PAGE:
(The Guardian) For England, it was always going to be about finding the moment, the one to blow apart a tight game, to cut through so much negative tournament history – particularly at the hands of Germany. And for long spells, as the tension rose to near unbearable levels at a raucous and emotional Wembley, the home crowd wondered whether it would come.
Gareth Southgate had reverted to a 3-4-3, ignoring the clamour for greater fantasy and more creative players. It was the England manager sticking bravely to his principles, seeking security, the platform for the moment, and a part of the equation was patience, which was not in abundant supply inside the stadium.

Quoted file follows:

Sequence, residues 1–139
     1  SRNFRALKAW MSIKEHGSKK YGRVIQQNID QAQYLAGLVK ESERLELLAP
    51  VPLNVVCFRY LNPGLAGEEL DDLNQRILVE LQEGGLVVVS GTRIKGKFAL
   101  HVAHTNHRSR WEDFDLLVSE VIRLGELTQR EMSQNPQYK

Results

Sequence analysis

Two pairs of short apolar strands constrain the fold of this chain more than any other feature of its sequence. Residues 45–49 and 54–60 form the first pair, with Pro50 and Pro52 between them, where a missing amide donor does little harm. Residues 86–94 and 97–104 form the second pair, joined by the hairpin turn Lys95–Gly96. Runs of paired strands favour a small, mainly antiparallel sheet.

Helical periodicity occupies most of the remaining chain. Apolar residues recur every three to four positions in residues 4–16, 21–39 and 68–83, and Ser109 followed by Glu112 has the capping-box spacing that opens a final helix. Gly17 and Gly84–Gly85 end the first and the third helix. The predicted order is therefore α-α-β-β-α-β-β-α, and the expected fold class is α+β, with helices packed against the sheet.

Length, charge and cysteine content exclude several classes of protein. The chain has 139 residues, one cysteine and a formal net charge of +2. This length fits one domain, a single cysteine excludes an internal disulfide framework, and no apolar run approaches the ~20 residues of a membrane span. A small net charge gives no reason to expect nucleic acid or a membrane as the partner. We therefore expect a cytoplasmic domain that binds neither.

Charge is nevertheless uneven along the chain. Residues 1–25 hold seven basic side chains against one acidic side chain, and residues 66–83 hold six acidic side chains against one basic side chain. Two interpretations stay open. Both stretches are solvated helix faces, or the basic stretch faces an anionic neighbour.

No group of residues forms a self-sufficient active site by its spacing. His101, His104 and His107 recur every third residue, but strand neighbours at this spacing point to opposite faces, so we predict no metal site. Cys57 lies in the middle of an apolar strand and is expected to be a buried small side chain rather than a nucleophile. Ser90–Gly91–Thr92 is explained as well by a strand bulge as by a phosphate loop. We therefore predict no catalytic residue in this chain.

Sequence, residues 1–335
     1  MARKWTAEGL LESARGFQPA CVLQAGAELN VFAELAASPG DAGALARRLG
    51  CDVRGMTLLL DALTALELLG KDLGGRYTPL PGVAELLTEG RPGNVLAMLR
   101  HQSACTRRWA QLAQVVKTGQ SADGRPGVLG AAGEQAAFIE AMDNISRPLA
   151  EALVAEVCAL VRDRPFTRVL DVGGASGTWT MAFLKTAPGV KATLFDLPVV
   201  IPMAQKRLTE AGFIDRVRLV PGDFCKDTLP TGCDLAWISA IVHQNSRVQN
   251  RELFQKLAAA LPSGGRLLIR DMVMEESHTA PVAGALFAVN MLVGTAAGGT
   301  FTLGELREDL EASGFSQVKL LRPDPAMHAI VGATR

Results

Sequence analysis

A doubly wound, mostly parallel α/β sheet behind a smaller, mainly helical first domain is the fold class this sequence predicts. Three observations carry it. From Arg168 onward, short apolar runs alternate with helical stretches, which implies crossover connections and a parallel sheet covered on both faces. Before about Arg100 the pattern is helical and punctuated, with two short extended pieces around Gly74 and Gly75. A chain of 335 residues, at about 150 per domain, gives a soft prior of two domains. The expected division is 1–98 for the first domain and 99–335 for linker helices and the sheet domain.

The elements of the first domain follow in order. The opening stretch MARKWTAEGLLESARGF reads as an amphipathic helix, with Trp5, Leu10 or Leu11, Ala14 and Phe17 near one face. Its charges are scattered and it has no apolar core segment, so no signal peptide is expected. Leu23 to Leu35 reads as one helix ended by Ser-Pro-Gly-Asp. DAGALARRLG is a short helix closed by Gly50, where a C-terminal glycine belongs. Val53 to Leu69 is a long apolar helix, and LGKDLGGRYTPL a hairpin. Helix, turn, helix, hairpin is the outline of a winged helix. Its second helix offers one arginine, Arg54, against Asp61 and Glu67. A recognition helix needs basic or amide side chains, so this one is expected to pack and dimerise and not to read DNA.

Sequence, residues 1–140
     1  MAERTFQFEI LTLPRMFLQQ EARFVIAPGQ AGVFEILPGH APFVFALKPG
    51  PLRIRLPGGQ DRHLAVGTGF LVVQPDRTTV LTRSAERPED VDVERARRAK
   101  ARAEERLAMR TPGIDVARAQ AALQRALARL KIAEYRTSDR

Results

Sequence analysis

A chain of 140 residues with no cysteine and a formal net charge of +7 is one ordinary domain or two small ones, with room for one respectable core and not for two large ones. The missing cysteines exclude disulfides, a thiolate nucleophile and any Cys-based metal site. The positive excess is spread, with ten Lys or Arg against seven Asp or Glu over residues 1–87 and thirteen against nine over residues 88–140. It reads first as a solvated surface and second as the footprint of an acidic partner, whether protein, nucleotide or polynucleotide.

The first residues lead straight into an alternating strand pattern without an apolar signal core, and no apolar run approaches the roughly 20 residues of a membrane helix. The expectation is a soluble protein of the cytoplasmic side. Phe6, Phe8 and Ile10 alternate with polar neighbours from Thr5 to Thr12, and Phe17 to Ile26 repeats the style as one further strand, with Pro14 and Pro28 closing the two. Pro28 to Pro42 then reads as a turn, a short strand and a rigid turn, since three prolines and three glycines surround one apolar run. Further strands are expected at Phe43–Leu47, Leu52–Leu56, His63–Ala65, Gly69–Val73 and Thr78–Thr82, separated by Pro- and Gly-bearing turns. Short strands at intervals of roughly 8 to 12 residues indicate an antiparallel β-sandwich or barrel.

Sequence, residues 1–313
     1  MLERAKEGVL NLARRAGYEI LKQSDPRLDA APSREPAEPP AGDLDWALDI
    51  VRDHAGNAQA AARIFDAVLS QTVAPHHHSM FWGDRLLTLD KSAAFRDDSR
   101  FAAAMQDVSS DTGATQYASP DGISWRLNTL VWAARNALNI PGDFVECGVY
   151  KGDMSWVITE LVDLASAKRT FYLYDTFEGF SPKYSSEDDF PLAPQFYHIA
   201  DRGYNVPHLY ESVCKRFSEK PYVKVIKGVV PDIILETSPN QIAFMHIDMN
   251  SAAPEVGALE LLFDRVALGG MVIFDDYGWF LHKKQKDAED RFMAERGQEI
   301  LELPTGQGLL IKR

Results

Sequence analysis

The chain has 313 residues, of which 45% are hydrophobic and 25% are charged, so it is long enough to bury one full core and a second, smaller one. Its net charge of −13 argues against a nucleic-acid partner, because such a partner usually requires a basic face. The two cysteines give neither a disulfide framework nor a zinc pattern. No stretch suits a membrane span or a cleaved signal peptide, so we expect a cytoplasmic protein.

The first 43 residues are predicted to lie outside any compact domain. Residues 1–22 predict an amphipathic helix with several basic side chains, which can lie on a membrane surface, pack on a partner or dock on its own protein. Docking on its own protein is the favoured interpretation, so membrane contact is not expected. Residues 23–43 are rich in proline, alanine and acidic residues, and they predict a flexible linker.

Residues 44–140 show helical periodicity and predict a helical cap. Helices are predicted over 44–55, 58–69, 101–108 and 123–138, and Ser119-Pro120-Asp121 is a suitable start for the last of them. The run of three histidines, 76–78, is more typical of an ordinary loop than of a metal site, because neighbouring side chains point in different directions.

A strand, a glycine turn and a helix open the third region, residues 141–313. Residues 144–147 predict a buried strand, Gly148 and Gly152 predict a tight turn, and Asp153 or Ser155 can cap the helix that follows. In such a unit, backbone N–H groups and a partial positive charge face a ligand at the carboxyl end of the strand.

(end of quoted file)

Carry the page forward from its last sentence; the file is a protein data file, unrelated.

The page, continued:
Germany had shown their quality in the first half, particularly early on, yet England came to match them physically and tactically. The longer the second half wore on, the greater the assurance of those in white shirts. Could they find the incision, the note of clarity?